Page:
A few days ago I pulled in at the SGS Causeway bait camp and had to look twice to find a parking space. Apparently the word had gotten out about the “hot” fishing on the lower end of Sabine Lake. The first guy I ran into showed me a shot of the flounder he had caught on the lighted fishing pier at the state park across the road.
“When the tide began moving out this morning about 2 a.m. the flounder bite was on,” said Jim Turner. “We used live mud minnows to catch about 14 flounder. We kept six, with the heaviest going about 4 pounds.”
Lots of flounder have been caught off that pier since the lights were finally turned back on. Based on what I’ve heard, the pier will be lit up at night until the next hurricane blows it away again.
“The word is out that the lights on the pier are back on,” said Dimitri Schwarzna at the bait camp. “We’re selling lots of mud minnows, along with mosquito spray. “Just inside the door at the causeway bait camp there is a grip-and-grin photo board with lots of photos of folks holding flounder and big trout along with reds.The only malfunction at Sabine Lake right now is the mosquito infestation. All that rain we had a couple of weeks ago has developed into a sizable crop of mosquitoes. Fortunately, they are mostly in the hunt for human blood at daylight and dusk. If you’ll be fishing early or late, wear a long sleeve shirt and long pants. A face mask is not a bad idea.
So what’s the story on Sabine’s big trout? Well, it’s been a little slow due to all the fresh water in the lake. But like they say, the truth is in the pudding, or in this case a recent trout tourney held out of Daley’s Hunt and Fish Supply in Port Arthur. The tourney was won with three trout weighing 17 pounds. The heaviest trout weighed 8.48 pounds. Those are some pretty solid specks.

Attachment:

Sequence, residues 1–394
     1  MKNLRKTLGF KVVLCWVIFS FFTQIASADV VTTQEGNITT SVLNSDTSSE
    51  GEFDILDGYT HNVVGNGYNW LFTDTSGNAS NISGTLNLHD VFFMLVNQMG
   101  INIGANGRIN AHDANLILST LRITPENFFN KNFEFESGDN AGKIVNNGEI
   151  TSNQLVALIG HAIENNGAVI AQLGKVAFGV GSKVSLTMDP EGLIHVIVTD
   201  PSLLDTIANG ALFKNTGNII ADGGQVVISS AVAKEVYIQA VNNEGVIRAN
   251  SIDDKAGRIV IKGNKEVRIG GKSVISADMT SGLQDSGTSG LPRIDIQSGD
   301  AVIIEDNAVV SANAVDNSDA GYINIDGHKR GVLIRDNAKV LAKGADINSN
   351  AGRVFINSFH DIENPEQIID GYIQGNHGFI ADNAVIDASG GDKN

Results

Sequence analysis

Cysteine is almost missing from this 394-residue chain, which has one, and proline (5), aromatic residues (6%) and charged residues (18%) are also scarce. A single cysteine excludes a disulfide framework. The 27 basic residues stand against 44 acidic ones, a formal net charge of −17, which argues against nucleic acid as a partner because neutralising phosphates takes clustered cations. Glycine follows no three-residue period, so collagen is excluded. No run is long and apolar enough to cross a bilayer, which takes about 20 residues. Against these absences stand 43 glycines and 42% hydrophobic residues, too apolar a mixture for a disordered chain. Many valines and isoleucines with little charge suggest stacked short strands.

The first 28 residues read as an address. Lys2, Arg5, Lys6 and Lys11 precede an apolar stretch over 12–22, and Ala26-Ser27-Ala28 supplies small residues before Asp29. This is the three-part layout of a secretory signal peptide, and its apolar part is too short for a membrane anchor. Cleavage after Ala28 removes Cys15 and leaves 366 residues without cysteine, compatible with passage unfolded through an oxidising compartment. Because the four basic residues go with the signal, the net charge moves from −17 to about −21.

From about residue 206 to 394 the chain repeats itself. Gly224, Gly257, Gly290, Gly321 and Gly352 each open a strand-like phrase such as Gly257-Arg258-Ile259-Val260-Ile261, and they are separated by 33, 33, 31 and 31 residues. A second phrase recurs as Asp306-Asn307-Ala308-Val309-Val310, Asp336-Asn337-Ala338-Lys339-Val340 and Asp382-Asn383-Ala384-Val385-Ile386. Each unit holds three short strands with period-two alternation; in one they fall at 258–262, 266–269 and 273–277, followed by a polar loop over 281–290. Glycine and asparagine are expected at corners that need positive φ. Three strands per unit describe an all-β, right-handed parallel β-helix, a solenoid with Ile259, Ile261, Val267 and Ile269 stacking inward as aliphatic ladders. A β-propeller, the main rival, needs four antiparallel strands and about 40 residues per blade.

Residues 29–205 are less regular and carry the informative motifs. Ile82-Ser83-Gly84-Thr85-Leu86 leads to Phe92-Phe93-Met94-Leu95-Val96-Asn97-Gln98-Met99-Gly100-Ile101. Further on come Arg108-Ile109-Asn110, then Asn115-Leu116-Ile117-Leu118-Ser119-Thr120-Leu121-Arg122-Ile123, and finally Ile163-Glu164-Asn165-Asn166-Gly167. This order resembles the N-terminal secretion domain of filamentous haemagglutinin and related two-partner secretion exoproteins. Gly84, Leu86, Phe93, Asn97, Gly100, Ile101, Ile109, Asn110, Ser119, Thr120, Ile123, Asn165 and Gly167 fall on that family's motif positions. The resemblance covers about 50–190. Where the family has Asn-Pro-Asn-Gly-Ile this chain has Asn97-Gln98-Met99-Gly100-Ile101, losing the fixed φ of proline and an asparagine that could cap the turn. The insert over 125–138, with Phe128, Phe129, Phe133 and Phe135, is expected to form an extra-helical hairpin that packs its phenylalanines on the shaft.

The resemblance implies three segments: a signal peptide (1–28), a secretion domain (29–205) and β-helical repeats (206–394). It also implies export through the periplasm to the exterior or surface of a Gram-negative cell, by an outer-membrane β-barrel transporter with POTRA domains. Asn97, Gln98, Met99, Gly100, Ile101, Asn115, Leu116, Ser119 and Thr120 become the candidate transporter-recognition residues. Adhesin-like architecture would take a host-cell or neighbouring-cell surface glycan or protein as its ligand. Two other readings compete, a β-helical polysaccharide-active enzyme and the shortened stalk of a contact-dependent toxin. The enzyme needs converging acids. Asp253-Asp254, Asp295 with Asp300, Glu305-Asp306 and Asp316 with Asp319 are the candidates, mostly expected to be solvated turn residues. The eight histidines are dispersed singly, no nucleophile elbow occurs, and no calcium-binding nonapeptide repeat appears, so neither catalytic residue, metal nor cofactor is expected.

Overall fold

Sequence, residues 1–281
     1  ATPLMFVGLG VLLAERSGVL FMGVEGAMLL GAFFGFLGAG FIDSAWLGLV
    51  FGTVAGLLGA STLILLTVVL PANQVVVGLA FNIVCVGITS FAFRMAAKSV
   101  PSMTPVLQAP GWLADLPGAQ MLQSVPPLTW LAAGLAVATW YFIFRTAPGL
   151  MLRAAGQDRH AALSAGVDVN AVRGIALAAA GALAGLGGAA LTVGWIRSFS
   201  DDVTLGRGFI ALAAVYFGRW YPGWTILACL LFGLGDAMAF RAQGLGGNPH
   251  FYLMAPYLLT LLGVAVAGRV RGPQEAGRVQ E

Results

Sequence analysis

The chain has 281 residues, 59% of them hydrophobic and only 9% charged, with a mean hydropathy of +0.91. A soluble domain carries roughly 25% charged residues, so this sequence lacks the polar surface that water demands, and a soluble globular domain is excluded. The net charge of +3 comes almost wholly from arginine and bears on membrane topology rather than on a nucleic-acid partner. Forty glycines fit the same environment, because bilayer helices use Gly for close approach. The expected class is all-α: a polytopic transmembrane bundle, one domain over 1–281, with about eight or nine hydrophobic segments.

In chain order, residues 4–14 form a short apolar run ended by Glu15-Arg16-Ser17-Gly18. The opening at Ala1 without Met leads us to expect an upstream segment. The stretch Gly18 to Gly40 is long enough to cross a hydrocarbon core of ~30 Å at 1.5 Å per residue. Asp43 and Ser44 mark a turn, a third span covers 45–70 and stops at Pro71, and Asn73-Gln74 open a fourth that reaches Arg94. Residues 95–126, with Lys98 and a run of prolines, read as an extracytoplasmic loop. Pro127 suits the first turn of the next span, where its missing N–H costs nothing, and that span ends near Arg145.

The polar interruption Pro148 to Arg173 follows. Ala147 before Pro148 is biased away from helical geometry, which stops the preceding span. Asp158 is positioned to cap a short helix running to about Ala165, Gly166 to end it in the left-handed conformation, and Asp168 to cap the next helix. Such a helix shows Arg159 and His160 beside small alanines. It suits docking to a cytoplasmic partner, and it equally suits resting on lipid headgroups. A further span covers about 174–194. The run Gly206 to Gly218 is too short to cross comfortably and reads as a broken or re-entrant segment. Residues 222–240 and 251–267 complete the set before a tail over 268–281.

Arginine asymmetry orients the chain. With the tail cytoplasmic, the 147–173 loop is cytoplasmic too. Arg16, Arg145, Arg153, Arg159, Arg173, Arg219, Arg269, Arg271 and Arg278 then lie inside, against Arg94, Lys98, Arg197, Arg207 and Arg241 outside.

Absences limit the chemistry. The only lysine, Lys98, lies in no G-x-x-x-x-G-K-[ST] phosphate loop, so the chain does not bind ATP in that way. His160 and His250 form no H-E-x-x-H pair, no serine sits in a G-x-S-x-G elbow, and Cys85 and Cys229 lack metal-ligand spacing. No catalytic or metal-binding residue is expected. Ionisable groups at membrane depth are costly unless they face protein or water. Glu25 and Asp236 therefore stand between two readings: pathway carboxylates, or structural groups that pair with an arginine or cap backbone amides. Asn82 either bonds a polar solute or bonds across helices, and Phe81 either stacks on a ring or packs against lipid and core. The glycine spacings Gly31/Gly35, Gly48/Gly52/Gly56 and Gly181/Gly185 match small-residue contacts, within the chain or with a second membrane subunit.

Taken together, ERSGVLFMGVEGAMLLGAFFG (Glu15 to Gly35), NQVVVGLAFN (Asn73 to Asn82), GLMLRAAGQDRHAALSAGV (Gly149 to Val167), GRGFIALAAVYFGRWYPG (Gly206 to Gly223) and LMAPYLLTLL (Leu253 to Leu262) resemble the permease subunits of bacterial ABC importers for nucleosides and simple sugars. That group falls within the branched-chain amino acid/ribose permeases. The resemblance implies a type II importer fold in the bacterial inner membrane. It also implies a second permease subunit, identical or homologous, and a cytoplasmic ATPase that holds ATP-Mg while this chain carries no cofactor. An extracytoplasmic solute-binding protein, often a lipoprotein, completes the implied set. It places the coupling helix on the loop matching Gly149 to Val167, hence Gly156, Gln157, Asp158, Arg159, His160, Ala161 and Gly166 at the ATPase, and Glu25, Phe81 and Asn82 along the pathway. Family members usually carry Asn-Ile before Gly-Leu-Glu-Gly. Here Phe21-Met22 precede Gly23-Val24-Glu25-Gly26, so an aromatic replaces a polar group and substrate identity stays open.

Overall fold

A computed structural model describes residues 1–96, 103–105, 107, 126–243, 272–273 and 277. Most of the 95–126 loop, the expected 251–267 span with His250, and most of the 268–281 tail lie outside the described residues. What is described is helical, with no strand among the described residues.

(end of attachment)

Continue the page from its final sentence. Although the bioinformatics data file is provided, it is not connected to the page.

“The best is yet to come,” said guide Jerry Norris. “April is one of the best months to be fishing for big trout on Sabine Lake. My advice is to tie on a topwater or slow sinking lure and fish it all day long. I caught trout to 7 pounds during the past couple of weeks. Most have come from under fresh slicks. But for the most part, I’ll fish wherever I can find mullet. I’ve been using a new lure called a Kick-A Mullet. It’s made by Egret Baits. This is a versatile lure that looks like a mullet. You can swim it on the surface or let it sink. My best colors are white or chartreuse.”
That particular lure has a jointed tail with a built-in rattle. It creates a lot of vibration and noise. That’s the reason it’s been working so well in the stained water on both Sabine and Lake Calcasieu.
Fishing on Calcasieu has been hit and miss, according to Ken Chaumont. He grew up fishing there and says that the prime time to catch gator trout is right now.“Typically at this time of year, we’re catching numbers of 4 to 8 pound trout,” said Chaumont. “But like Sabine, we’ve got an awful lot of freshwater on the lake, and that has slowed the big trout bite down.”
Chaumont said he fished Calcasieu just after Easter weekend and did pretty well. They were averaging 10 to 15 trout per run by fishing Kick-A Mullets over mud and shell in West Cove. On one afternoon a few days ago, they smacked the trout while fishing Kick-A’s with a red head and white body. The only glitch is that those trout were all in the 2 to 4 pound class – no wall hangers, but certainly nothing to scoff at.
The water temperature is 77 degrees on Sabine Lake and 76 in the surf.
The jetties have been giving up numbers of big black drum, sheepshead and even some Spanish mackerel. I’ve heard from a couple of fishermen that have been catching small Spanish mackerel along the last 100 yards of the east jetty. And some anglers report catching gaftopsail catfish while fishing shrimp or squid on bottom. That’s a sure sign that the jetties and the surf are about to light up with numbers of solid trout.
Robert Sloan can be reached by e-mail at sloan288 [at] aol [dot] com.